Truth is Stranger Than Fiction

Program Type: Workshop, possible series

Audience: Teens and Adults, groups up to 10 persons

Time Frame: One hour per session

Space Needed:

  • Tables and chairs
  • Computer and projector
  • Ideal: Tour of collections

Budget Considerations:

  • Staff time
  • Honorarium for guest speakers

Description:

The Federal Depository Library Program is a plan by the Federal Government designed to provide free, guided access to a variety of government publications. These include Hearings, Supreme Court decisions, and less spot-light publications like geographic studies, and Patent Office collections. For full details see the Government Printing Office site: http://www.gpo.gov/libraries/public/

 

These collections offer incredible insight into US history, and it’s true, sometimes the truth is stranger than fiction. Working in collaboration with your local government documents librarian, create a series of workshops highlighting the pieces of the collection that would be of value to steampunk writers, costumers, or just your general Victorian history buff. Topics to consider are:

  • The U.S. Patent & Trademark Office- crazy brilliant inventions from the Wild West to the elite leisure creations of Edwardian 5th Avenue. Research the technologies people hoped to create as a way to build your own steampunk worlds.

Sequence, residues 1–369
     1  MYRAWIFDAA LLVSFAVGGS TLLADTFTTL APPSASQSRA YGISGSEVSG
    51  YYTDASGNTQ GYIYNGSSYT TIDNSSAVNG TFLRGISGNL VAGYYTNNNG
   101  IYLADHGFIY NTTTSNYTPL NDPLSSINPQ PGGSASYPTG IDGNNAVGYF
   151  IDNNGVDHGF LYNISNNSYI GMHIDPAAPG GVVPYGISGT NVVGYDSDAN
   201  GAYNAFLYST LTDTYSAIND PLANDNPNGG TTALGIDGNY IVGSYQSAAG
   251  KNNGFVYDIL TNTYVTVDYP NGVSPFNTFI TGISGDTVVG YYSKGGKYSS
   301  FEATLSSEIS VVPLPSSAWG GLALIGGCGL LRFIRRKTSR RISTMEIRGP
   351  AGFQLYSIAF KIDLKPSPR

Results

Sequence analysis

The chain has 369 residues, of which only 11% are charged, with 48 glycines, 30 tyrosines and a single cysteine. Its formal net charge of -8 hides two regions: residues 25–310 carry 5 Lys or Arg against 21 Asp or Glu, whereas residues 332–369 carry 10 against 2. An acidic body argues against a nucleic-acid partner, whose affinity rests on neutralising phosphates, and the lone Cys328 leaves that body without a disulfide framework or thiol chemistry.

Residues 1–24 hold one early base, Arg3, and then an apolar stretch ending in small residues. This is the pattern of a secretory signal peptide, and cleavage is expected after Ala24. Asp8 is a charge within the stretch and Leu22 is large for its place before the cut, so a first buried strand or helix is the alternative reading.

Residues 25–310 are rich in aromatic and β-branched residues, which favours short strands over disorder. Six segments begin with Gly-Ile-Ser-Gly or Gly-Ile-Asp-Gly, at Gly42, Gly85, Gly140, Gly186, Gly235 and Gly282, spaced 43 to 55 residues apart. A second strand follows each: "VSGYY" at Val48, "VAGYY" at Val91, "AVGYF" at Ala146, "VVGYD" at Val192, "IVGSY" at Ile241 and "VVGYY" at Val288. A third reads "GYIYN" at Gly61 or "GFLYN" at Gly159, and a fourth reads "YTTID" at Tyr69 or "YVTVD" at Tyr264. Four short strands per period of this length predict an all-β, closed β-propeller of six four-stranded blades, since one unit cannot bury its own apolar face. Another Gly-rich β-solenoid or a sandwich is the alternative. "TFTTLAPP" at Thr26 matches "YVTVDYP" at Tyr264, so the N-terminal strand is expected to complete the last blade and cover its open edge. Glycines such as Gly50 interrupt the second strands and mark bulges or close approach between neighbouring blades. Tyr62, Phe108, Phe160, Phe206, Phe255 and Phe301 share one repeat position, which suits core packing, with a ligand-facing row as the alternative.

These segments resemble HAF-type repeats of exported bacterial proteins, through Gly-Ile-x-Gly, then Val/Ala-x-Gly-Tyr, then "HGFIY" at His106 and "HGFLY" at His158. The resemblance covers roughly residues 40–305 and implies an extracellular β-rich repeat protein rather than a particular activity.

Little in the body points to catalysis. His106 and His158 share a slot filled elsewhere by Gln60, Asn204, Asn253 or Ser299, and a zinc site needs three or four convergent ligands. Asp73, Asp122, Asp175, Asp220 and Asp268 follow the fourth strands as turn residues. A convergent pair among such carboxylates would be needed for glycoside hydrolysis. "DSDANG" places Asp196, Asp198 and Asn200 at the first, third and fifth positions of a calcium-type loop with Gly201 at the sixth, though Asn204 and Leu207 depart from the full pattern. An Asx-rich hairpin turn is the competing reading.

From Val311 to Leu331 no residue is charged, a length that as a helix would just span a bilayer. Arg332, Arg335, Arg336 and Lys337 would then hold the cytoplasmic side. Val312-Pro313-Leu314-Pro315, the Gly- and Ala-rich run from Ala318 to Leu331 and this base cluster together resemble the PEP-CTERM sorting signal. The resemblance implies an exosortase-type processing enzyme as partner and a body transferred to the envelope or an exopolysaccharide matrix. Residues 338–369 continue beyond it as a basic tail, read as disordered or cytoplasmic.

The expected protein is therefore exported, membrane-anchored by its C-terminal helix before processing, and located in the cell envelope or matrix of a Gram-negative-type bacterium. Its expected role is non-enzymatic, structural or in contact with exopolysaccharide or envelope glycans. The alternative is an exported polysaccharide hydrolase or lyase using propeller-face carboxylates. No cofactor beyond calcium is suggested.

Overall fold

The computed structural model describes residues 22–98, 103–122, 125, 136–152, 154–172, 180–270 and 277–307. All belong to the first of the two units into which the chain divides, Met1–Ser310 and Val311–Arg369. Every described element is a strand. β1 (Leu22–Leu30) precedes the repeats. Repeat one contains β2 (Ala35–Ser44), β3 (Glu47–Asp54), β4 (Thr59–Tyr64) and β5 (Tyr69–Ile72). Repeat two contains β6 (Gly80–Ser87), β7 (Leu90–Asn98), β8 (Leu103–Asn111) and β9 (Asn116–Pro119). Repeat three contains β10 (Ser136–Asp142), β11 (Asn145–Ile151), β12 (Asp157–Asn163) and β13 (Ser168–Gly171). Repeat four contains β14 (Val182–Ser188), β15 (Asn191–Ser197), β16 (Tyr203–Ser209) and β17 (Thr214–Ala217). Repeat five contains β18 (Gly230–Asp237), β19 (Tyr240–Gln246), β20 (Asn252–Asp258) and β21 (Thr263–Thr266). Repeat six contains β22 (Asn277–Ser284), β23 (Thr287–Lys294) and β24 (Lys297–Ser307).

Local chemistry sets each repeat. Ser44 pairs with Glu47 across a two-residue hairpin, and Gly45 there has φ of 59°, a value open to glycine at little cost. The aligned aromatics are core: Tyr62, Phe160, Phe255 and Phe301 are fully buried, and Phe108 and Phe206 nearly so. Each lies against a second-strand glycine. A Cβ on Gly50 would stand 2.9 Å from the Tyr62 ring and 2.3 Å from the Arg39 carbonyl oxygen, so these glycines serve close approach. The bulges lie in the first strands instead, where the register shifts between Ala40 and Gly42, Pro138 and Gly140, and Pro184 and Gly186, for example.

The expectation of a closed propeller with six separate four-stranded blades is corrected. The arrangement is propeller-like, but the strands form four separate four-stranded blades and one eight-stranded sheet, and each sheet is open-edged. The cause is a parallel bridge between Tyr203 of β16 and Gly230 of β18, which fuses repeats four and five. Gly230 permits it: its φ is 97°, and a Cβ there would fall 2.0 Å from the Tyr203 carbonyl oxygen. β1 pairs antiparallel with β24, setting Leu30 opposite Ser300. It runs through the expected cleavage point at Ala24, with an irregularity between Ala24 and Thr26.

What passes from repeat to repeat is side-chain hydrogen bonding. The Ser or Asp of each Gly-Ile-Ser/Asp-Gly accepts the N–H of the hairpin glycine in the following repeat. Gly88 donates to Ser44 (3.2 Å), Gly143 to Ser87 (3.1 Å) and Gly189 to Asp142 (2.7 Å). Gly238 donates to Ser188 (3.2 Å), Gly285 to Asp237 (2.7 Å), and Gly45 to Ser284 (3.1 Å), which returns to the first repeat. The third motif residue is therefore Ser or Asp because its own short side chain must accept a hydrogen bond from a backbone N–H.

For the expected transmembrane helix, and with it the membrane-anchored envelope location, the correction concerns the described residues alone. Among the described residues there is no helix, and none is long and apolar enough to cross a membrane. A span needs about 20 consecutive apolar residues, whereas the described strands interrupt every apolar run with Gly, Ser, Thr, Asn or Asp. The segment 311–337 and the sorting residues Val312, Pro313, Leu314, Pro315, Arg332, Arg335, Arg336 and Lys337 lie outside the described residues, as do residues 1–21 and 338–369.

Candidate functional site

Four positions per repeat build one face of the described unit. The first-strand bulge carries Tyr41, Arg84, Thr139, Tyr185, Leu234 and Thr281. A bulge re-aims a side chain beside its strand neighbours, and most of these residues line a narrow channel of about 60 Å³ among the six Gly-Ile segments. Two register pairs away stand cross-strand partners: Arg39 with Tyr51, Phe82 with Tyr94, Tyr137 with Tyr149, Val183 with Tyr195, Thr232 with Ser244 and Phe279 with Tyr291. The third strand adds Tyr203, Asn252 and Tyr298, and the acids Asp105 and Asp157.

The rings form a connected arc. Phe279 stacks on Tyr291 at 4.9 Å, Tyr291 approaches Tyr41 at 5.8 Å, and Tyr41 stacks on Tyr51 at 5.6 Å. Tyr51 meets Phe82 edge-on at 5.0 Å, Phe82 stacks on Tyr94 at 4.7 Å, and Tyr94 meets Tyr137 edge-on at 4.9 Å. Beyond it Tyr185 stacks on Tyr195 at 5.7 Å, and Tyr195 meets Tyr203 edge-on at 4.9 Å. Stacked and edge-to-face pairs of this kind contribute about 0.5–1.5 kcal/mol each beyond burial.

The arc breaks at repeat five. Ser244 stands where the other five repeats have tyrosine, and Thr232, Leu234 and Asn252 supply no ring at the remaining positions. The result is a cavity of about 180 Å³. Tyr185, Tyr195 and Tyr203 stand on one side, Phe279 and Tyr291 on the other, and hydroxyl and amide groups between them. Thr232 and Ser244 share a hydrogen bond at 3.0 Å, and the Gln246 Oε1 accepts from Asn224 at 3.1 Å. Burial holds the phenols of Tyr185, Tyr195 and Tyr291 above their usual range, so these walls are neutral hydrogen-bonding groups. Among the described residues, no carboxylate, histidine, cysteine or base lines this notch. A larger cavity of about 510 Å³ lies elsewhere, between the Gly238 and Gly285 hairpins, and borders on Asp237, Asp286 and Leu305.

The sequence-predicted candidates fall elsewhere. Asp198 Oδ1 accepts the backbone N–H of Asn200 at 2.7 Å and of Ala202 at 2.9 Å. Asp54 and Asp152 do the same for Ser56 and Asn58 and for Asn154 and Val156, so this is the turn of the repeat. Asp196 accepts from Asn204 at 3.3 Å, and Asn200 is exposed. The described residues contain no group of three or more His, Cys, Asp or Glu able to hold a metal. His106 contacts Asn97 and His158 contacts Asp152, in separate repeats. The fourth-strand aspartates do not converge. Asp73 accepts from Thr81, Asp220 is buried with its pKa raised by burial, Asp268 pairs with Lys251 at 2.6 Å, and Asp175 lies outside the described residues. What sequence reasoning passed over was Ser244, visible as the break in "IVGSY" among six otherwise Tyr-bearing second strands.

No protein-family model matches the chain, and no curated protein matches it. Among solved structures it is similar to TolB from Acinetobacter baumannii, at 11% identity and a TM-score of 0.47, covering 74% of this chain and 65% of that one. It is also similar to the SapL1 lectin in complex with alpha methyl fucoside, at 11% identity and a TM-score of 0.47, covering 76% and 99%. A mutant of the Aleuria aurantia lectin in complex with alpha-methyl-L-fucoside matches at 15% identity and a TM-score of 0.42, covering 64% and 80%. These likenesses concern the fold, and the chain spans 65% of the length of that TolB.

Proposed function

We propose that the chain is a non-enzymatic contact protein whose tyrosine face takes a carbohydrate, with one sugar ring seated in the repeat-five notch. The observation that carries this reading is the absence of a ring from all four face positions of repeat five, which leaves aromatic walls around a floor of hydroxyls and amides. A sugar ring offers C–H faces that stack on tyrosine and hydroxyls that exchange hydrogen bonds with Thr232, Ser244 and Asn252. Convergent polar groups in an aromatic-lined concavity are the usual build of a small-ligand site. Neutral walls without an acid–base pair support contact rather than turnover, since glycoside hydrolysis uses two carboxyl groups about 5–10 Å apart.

• Bureau of Indian Affairs collections – understand the realities of Natives in Victorian America and see the language authentic to the period.
  • Maps – Many Regional Depositories collect maps and other geographic publications. These show how regions of the US changed over time and how those changes affected the people living in those areas. Original copies may also include fold-out illustrations that were hand-created, a respectable form of employment for women of the day.
  • Health, Education, Labor & Pension Committee- Started in 1869 as the Committee on Education and in 1884 through the mid-1900s it was known as the Education and Labor Committee these papers give insight into the mental and health state of the US. These realities add authenticity to any steampunk story.
  • US Code and State Statues- What laws were in affect in 1880 that aren’t now? What states had public decency laws regarding swimsuits? What about immigration in 1897? Searching through old copies of federal and state legal volumes can add the details needed to make every costume realistic and every story true to period.

 

Online Resources-

Find your local Depository: http://catalog.gpo.gov/fdlpdir/FDLPdir.jsp

FDLP Training: http://www.fdlp.gov/about-the-fdlp/training-and-events

American Library Association Government Documents Round Table: http://www.ala.org/godort/front

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